Friday, February 5, 2016

Shakespearean Texts, Texted; or, Texting the Text of the Bard

Shakespeare, William, and Courtney Carbone. srsly Hamlet. New York: Random House Books for Young Readers, 2015.

Shakespeare, William, and Brett Wright. YOLO Juliet. New York: Random House Books for Young Readers, 2015.

Shakespeare, William, and Courtney Carbone. Macbeth #killingit. New York: Random House Books for Young Readers, 2016.

Shakespeare, William, and Brett Wright. A Midsummer Night #nofilter. New York: Random House Books for Young Readers, 2016.

I stumbled across a new series from Random House when browsing through my local bookstore the other day. It's called "OMG Shakespeare," and it retells four (so far) of the plays as text exchanges between the characters.

I'm a bit torn about these books. Clearly, I'm not in the center of the demographic for the books. There are also parts of them that are really bad—by which I suppose I mainly mean "uninteresting." But then there are also very clever ways of grappling with the problems that arise when presenting these stories in this medium. And the kids I've shown these to (kids that I've directed in multiple Shakespeare productions—so they know their Shakespeare, and they also know their Snapchats, their emojis, their Facebooks and Twitters, and their other social medias) really, really like them. They show each other certain pages or comments and they laugh hysterically.

I'll give you some examples from srsly Hamlet. At its worst, it becomes nothing more than a rebus—and even the kids who like these books acknowledge that it's inauthentic—they don't actually text that way. Here's Hamlet's "Get thee to a nunnery" speech:

That can be very tedious and annoying. But then the book will play with the form in a genuinely interesting way, bringing other forms of social media into play. Here are two two-page spreads as an example. First, Polonius gives his advice to Laertes. Then Laertes accidentally tells Ophelia in a group text to remember what he said, giving Polonius the opportunity to put his nose in. And don't fail to note the end of the sequence: Ophelia updates her relationship status Facebook-style.

There's some interest and some cleverness in that—and the idea is caught up again after the nunnery scene. Ophelia moves from "In a relationship" to "It's complicated" to . . . this:

The two reactions also show some depth of thought. Horatio is concerned—probably mostly for Hamlet, but also for Ophelia. Rosencrantz is a bit clueless—he just wants to make sure she'll be at the play-within-the-play.

I also very much—far too much, in fact—appreciated what happens to Ophelia when she goes mad:

I'm very likely to use that in future courses when we discuss the line "They aim at it / And botch the words up fit to their own thoughts” (IV.v.9-10). I'll invite students to see if they find any correlation between any of Ophelia's mad speeches / songs and the emojis here.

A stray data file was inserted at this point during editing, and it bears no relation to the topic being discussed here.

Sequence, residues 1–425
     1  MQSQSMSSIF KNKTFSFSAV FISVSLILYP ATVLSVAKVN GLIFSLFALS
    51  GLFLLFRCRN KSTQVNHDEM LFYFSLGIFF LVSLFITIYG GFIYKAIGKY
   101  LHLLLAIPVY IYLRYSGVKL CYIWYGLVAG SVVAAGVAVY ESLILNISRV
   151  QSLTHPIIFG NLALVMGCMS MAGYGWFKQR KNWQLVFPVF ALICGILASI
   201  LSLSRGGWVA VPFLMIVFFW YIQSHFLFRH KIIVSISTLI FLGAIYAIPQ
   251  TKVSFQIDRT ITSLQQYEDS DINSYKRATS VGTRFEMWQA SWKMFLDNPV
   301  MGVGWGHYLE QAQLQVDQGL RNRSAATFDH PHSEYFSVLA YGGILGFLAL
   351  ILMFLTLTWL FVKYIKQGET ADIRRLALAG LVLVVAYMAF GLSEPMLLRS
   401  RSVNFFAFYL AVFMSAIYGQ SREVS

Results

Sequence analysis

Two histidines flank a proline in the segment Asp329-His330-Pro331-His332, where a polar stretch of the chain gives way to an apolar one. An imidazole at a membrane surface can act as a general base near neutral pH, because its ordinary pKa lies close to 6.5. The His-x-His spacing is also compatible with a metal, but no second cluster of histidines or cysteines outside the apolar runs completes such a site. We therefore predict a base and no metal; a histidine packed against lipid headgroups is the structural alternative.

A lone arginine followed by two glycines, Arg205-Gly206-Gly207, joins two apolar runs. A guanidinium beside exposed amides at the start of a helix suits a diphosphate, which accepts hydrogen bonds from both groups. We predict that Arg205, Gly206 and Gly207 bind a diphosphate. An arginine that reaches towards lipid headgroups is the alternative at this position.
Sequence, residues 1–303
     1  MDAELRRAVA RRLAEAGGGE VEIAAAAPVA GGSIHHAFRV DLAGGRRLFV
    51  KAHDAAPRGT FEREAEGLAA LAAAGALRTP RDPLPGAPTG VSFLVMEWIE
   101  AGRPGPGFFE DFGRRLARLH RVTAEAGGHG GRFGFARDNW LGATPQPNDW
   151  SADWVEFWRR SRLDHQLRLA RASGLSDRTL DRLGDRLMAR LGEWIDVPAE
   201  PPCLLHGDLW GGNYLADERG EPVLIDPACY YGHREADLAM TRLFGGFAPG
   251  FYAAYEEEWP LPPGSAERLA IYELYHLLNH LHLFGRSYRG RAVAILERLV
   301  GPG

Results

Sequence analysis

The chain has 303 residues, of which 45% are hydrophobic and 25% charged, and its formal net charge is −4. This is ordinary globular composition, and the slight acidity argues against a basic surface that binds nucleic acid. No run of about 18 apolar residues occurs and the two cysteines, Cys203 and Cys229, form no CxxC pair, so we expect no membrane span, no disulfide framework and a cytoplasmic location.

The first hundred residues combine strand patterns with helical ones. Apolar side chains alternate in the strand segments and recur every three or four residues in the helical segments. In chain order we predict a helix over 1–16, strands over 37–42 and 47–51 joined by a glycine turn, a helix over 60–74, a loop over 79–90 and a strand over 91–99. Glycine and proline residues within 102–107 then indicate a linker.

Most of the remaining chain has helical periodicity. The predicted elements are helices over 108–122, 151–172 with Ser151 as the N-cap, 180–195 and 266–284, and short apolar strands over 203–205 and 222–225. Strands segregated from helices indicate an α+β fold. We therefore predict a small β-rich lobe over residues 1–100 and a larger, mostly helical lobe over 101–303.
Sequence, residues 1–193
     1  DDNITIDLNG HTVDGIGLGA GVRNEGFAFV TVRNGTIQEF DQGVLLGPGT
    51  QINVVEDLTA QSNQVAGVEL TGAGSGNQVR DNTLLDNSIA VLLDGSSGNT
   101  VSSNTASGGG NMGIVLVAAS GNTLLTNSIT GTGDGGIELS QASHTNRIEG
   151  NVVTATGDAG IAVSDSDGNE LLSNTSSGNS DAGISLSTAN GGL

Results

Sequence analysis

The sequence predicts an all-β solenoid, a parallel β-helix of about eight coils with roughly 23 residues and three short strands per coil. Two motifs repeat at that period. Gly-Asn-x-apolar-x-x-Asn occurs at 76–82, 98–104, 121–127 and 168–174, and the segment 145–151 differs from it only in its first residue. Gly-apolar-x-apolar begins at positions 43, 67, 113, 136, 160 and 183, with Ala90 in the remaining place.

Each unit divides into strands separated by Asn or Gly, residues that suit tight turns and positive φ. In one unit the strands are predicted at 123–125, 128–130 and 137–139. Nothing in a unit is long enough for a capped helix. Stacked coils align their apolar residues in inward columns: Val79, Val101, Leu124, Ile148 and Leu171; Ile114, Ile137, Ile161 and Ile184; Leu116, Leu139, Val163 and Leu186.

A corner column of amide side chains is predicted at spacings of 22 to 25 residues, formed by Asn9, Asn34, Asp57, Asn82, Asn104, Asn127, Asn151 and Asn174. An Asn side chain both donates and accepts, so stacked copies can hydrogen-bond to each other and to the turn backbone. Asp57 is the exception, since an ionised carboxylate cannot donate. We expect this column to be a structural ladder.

And it's remarkable how, when Laertes enters, having zipped back from Paris, we get the description "Laertes has checked into Elisnore Castle—with Huge Angry Mob," under which is the delightful message "Huge Angry Mob Likes This."

Finally (for that book), the kids were especially tickled by Fortinbras' entrance at the end of the play:

In YOLO Juliet, the emphasis is placed on the parents' (and other elders') inability to navigate the world of social media—often with humorous results. One prime example is Friar John's use of all caps—which amounts to shouting—is a sign of his incompetence. In the same exchange, you'll notice that Friar Lawrence initials each of his texts as if they were e-mails or memos:

Lady Capulet takes Friar Lawrence's failing one step further. She signs off each text as if it were the end of a letter. In the example below, she also inexplicably "likes" something Capulet is doing:

There are also a few other social media things thrown in with pop cultural references to round things out. Observe what Juliet decides to listen to (and the service she chooses to listen to it with) after the balcony scene:

The narrative ends as I imagine you would expect it to—according to Shakespeare. But if you're worried that it's a downer, think again:

In short, these books demonstrate some intriguing and imaginative uses of social media to tell the stories of Shakespeare—but there's a lot of tedious rebus-esque material there, too. I don't think they would be of much use (or very funny) to those who lack familiarity with the plays. But for those who do (and are in the right demographic), they appear to be a hoot.

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Bardfilm is normally written as one word, though it can also be found under a search for "Bard Film Blog." Bardfilm is a Shakespeare blog (admittedly, one of many Shakespeare blogs), and it is dedicated to commentary on films (Shakespeare movies, The Shakespeare Movie, Shakespeare on television, Shakespeare at the cinema), plays, and other matter related to Shakespeare (allusions to Shakespeare in pop culture, quotes from Shakespeare in popular culture, quotations that come from Shakespeare, et cetera).

Unless otherwise indicated, quotations from Shakespeare's works are from the following edition:
Shakespeare, William. The Riverside Shakespeare. 2nd ed. Gen. ed. G. Blakemore Evans. Boston: Houghton Mifflin, 1997.
All material original to this blog is copyrighted: Copyright 2008-2016 (and into perpetuity thereafter) by Keith Jones.

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